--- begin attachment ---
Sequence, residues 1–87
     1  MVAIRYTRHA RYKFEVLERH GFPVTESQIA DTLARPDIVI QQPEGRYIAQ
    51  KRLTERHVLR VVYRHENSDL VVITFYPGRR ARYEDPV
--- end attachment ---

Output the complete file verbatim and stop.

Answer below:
Sequence, residues 1–87
     1  MVAIRYTRHA RYKFEVLERH GFPVTESQIA DTLARPDIVI QQPEGRYIAQ
    51  KRLTERHVLR VVYRHENSDL VVITFYPGRR ARYEDPV